Regardless of organizational structure, directors and trustees are ultimately responsible for the management of a mutual fund’s investment portfolio as well as the day-to-day operations of the fund.
To assist with this latter task, the directors or trustees of the fund may enter into a contract with a management (investment) company to provide management services, rather than hiring staff to perform day-to-day administration. A firm that provides these services is commonly known as an administrative manager. Trustees and managers are often the same company.
To protect investors and as a part of internal control mechanisms, the administrative and custodial functions of mutual funds are kept separate.
The custodian is responsible for the safekeeping of all the fund’s investments.
National Policy Statement No. 39 requires that a mutual fund’s cash and securities be deposited with, and held by, a custodian.
The custodian must be a Canadian chartered bank, a Canadian trust company having shareholder’s equity of not less than $10 million, or in some cases a subsidiary of a Canadian Chartered bank or trust company that meets prescribed financial qualifications.
The custodian also holds all income earned by the fund until it is reinvested or distributed by the fund. The custodian makes all payments for the fund’s investments.
The distributor is the sales and marketing arm of the mutual fund organization.
It is responsible for bringing in assets to the fund in the form of new fund units.
Securities laws require each mutual fund to designate a principal distributor to assume the distribution responsibilities, usually under contract with the fund’s administrative manager.
In many cases, the administrative manager will assume the role of principal distributor, and will distribute or arrange for distribution by carrying out its distribution responsibilities through its employees or by subcontract with one or more of the following distribution channels:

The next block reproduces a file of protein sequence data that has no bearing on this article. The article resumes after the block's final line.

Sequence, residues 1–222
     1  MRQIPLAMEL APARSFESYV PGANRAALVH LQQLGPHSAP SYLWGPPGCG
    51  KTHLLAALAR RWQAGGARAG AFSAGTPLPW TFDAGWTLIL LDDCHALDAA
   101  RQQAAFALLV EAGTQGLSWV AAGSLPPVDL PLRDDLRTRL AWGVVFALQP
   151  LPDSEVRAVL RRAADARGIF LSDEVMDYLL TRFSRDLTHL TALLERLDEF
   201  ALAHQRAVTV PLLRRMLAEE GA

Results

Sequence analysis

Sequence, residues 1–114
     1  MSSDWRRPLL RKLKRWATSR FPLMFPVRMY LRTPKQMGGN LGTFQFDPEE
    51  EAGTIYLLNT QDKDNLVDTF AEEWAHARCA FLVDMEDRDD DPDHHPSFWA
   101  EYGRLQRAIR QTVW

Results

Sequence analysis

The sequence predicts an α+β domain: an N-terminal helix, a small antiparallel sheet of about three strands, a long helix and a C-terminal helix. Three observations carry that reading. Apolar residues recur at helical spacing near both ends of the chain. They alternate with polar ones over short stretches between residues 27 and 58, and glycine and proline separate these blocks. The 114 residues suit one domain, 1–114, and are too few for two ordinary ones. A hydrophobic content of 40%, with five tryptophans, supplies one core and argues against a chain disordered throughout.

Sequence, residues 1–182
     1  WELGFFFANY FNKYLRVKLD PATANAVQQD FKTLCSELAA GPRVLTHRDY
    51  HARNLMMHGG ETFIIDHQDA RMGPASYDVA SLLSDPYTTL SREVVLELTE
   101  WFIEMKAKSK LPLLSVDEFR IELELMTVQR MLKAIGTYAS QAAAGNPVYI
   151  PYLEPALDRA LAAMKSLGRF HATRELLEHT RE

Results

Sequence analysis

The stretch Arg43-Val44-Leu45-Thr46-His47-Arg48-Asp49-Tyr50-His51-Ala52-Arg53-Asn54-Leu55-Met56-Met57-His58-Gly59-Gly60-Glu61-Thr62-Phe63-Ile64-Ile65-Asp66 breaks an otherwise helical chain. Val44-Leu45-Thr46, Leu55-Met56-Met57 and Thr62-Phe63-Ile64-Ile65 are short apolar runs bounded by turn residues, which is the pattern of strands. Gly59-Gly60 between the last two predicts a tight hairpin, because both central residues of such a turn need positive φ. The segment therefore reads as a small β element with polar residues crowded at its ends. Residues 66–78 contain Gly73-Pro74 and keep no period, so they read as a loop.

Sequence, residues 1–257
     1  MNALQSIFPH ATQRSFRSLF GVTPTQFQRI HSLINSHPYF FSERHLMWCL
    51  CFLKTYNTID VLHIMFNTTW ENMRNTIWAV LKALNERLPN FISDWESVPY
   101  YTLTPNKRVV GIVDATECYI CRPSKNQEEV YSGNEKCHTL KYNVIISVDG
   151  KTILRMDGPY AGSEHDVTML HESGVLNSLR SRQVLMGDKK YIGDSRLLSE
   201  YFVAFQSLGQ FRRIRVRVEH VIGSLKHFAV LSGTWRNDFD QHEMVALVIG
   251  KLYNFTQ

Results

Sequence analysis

Proprietary (in-house) selling organizations that market only the funds offered by one mutual fund group. (eg. Investors Group)
Mutual fund specialists employed by a mutual fund dealer who is not aligned or affiliated with any particular fund.
Stockbrokers employed by investment dealers.
Employees of financial institutions such as banks, trust companies, credit unions, and caisses populaires or their securities subsidiaries.
Employees of mutual fund groups that deal directly with the public and exclusively market their proprietary funds.
The Mutual Fund Complex The Registrar and Transfer Agent
This entity carries out two duties:
Registrar : the role of the Registrar is to safeguard against excess distribution of units or shares which would dilute the value of the fund. This is particularly important when share or unit certificates are reissued. Since issuance of share or unit certificates is now the exception rather than the rule, the role of the registrar is decreasing in importance.
Transfer Agent: maintains the register of owners of units or shares of the fund and records all transfers of ownership of units. This register is constantly changing as investors buy and redeem units. The transfer agent may also provide dividend distribution services.
These functions are usually provided by a trust company or other third-party service provider. In many cases, the same trust company that acts as the fund’s custodian will perform these duties.
Segregated Funds are an insurance product, combining a mutual fund-like investment with the protection of an insurance policy. As with mutual funds, an investor's money is pooled with the contributions of other investors to purchase a portfolio of securities. The value of the units purchased is based on the value of the underlying securities and will change in response to market conditions.